How Jason crushed quota with Journey and then we hired him
Customer

How Jason crushed quota with Journey and then we hired him

When we were trying to get our first users at Journey, I would DM (read: beg) the best sales people that I had ever interacted with to get them to try the product. Most of these individuals I had seen in action from working at Meta (artist fka Facebook), NextRoll (artist fka AdRoll), and Quora (that site you hate on, but has ~400MM users/mo).

I was looking for individuals that sold mid-market to enterprise products ($25k-$100k+ deal sizes) in competitive markets where a panel of decision makers influence a deal. That’s when I reached out to Jason. We had worked together at AdRoll and he was one of the best I had seen in action as a seller. Specifically, he was highly analytical, creative, hustled, and was one of those AE's who stayed very involved post-close on success. I knew he’d be opinionated about what we were building from a product perspective.

When we started at AdRoll - there were maybe ~30 competitors who basically did the same thing as us (followed you on the internet with banner ads after you left websites) with different pricing models. There was also Google, who did the same thing. So, nonetheless, I had a lot of respect for the top sellers that operated at a high level in that kind of competitive environment.

Jason was selling CRM software at a company not named Salesforce or Hubspot, so it seemed like a perfect fit. I thought to myself, selling CRM that is not one of the top 2 seems like a slog where only the strong survive (kind of like selling ads against Google), so I reached out via DM:

No alt text provided for this image

We learned from Jason that in a CRM purchase, depending on the company size, there’s a lot of stakeholders involved, potentially up to 10 depending on size of the company. From sales to marketing to rev ops to sales ops to IT and even finance. From a sales process perspective, what this meant was lots of endless email threads and lots of slides, documents, PDFs, proposals, product demos, call recordings, case studies, personalized videos, and more.

Throughout the deal cycle, all of this pretty much was distributed via disparate links in emails and attachments both pre and post live meetings, which led to a lot of resurfacing of information for new stakeholders brought into a deal later on in the process or endless email forwarding. It was kind of a mess, a mess we thought we could help clean up.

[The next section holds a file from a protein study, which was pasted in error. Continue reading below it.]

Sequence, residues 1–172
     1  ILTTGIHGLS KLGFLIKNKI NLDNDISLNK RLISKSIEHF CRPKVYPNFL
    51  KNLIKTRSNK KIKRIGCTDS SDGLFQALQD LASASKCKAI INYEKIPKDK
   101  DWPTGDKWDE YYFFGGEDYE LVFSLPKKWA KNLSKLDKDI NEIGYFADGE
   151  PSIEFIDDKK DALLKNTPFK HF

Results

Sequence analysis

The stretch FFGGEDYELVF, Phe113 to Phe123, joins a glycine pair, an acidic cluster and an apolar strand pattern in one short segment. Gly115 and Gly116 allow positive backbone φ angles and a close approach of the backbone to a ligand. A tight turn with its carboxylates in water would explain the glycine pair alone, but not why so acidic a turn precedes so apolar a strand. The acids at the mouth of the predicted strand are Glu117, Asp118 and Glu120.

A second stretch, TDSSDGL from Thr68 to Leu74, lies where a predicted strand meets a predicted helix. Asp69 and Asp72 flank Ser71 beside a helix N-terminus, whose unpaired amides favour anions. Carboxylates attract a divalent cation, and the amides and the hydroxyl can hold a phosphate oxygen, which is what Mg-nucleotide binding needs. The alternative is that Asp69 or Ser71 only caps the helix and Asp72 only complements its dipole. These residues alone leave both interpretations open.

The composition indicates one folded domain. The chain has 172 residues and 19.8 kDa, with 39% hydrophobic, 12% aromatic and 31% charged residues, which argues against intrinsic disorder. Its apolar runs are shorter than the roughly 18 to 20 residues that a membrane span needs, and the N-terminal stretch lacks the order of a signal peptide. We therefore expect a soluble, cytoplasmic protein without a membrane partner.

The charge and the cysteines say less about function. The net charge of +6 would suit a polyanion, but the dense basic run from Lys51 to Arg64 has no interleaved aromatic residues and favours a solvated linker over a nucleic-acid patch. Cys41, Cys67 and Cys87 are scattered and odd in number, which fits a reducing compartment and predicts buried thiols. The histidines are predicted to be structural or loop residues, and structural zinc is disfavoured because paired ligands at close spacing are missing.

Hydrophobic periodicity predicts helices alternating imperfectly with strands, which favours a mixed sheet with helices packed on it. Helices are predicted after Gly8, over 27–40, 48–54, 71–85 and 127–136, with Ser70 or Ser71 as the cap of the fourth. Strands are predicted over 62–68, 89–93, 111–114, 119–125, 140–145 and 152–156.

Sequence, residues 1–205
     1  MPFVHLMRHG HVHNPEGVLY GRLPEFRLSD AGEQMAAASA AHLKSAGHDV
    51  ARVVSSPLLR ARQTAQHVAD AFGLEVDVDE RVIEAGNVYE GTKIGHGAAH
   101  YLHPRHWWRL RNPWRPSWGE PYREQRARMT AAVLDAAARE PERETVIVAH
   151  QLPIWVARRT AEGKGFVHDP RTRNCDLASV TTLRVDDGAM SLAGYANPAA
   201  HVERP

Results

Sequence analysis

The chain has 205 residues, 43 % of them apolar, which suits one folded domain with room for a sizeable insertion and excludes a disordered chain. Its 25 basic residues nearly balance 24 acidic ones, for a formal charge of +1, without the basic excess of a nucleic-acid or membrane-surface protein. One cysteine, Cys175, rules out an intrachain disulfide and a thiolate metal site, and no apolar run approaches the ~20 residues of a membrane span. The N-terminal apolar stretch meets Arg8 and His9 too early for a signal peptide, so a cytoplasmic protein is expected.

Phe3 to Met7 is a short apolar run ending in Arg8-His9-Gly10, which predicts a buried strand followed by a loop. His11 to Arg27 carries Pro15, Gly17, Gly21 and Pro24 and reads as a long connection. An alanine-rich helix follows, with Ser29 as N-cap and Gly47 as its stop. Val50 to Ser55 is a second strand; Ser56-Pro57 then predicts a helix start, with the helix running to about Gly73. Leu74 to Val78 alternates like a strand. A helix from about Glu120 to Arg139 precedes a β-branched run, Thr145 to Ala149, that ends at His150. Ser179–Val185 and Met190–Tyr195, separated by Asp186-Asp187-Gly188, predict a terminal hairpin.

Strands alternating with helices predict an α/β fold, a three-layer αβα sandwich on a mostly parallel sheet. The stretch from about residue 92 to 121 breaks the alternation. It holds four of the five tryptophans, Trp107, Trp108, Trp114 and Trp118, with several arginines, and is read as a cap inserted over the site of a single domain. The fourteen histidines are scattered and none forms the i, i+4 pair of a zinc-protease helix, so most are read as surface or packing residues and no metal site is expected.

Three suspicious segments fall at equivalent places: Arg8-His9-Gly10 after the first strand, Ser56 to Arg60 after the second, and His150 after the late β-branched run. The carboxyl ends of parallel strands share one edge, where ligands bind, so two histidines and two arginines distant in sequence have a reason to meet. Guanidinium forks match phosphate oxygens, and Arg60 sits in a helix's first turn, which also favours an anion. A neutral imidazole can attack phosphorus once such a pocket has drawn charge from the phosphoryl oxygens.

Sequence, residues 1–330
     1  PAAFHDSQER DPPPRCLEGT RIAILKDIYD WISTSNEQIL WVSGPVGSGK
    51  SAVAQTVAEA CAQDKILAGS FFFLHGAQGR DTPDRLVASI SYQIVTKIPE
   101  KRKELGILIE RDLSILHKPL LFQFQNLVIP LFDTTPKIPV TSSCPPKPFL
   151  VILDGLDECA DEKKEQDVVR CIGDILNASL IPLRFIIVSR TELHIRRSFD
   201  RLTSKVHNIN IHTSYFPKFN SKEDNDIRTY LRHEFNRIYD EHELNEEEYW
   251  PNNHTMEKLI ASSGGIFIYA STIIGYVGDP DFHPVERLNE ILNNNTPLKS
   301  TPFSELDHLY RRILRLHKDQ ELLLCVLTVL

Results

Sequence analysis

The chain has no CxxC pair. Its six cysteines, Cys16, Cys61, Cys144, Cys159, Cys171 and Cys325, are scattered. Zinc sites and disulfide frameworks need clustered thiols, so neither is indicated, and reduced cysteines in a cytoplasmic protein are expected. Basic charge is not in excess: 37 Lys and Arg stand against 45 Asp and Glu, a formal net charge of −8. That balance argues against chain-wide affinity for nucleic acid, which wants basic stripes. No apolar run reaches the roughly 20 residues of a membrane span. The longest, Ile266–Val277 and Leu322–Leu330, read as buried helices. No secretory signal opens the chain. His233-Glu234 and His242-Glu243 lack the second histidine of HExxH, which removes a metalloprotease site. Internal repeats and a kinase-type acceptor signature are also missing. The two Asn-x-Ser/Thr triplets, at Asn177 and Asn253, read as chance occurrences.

Our goal with Journey was to make this process less painful where the medium could act like a personalized website for salespeople and their prospects cutting out a lot of the email back-and-forth.

Our hypothesis was that a medium like Journey could :

  1. help Jason stand out from the competition as everyone just sends links & attachments
  2. make things easier for Jason's prospects with everything in one place and easily share-able for his champion to get the necessary context to other stakeholders who aren’t in live calls (async FTW)
  3. give Jason the insights and signals to qualify or disqualify opportunities based on who was consuming the content and for how long with rich analytics & notifications
  4. as a result of 1,2,3 lead to closing bigger deals faster

Jason had told us for deals in the $50K+ range, there could be more than 100 emails back and forth across quarters, so after some careful maneuvering and persuasion - we convinced him to use it for 1 or 2 opportunities.

While our product was still in it’s early phase of development - there was some upfront work to get it going, but we essentially took in all of his content that he used to close deals and built some templates to make them easily re-usable. In terms of content, we analyzed what he was putting in his follow up emails or what would normally live in endless email threads and added these to Journey.


Results

After using for a few opportunities, it became the central destination for his customers to review anything related to their deal on the internet - kind of like a website, but hyper personalized to their engagement. Easy for the prospect to access what they needed and Jason/his manager got the analytics in real-time of who was viewing what and for how long to prioritize targeted follow up throughout the deal and multi-thread when necessary.

Tactically, Jason would start building a Journey for his prospect once they hit an opportunity stage, usually this was in the post-demo or async demo follow up for certain size opportunities. The feedback was that champions loved Journey because they didn't have to wade through emails and forward things to stakeholders internally. Instead, they could simply share the Journey in company slack channels and point different teams to different aspects of the Journey (eg, IT was pointed to security docs vs a VP of Sales pointed to case studies/ ROI analyses). This ultimately led to less meetings on both sides.

Jason ended up closing one of the largest deals in company history off the back of a Journey which had 30 pieces of content within it and took a few quarters. He became one of our top 5 power users and provided us with invaluable feedback throughout the process.

Once he started looking for his next opportunity, we jumped to hire him as our 1st business hire leading customer success.

Author

Related posts

No items found.